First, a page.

What Are Spinal Nerves?
One of the most influential nerves for sending signals in your brain is the spinal cord. Well, because it’s protected by the spine, it’s called the spinal cord. Actually, what is the spinal cord and why does it affect your brain so much?
Why is the spinal cord different from other body systems?
brain and nervous system disorders
The spinal cord is a part of the central nervous system that has a vital role for movement and the core of your mind. Starting from walking, talking, to breathing. Therefore, if this nerve is injured, it has a significant impact on your body.
Similar to the brain, the spinal cord is also covered by three layers of meninges. Well, the spinal cord and meninges are channeled through the center of the spine and consist of 26 individual spines (vertebrae).
These vertebrae are separated by discs made of cartilage. This cartilage or young bone acts as a pillow to reduce the strength produced when you jump or walk.
How the spinal cord protects from injury
spinal cord injury
Well, because this nerve is very important for your body, of course, it has a protective layer that is quite strong compared to other systems.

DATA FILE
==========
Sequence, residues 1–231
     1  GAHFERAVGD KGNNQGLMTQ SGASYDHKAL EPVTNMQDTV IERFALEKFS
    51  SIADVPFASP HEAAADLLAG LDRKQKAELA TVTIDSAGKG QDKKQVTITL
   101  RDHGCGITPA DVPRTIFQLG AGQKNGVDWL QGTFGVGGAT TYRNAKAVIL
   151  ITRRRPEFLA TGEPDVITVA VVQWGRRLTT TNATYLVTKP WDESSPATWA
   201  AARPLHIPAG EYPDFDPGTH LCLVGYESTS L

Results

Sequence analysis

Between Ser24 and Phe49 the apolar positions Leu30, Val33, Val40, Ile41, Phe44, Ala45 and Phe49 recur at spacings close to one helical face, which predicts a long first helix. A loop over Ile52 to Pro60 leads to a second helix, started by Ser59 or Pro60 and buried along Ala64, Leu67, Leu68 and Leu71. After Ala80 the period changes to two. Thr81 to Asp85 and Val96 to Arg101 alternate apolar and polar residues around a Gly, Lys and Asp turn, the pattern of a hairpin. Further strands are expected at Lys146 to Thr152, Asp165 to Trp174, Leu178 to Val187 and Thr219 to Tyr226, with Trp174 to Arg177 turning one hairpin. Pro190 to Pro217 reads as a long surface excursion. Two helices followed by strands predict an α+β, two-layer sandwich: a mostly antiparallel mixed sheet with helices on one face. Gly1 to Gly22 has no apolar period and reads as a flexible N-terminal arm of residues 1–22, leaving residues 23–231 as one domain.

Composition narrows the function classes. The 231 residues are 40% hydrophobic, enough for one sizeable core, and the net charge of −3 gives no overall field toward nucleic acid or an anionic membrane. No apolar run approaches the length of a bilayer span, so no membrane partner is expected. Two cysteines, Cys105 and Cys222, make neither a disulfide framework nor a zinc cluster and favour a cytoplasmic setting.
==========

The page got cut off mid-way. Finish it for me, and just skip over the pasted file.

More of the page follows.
First of all, the injury will not directly damage this nerve because there are a skull and spine that protect it. Both functions to block a hard impact so that no injury occurs. The liquid under the bone also acts as a shock absorber.
Even so, this defense device turned out to also backfire for the network. That is because when a collision succeeds in injuring the spinal cord, the soft tissue of the brain and nerves will swell. This can put pressure because there is no more space.
The swelling can actually make the injury worse and infection in the bone. Therefore, if you have a spinal cord injury, please go directly to the nearest hospital.
How does the spinal cord work with the body’s muscles?
This central nerve type is indeed connected by all tissues in the body, including muscle tissue. That is because your mind is giving commands to move to your central nervous system (CNS). From the SSP, it is then channeled through the somatic part of the nerve which is in charge of controlling movement.
When the message arrives, acetylcholine is released from the nerve endings and stimulates the muscle fiber membrane so that contractions occur. Even though it looks fast, it turns out this process takes about 1 millisecond.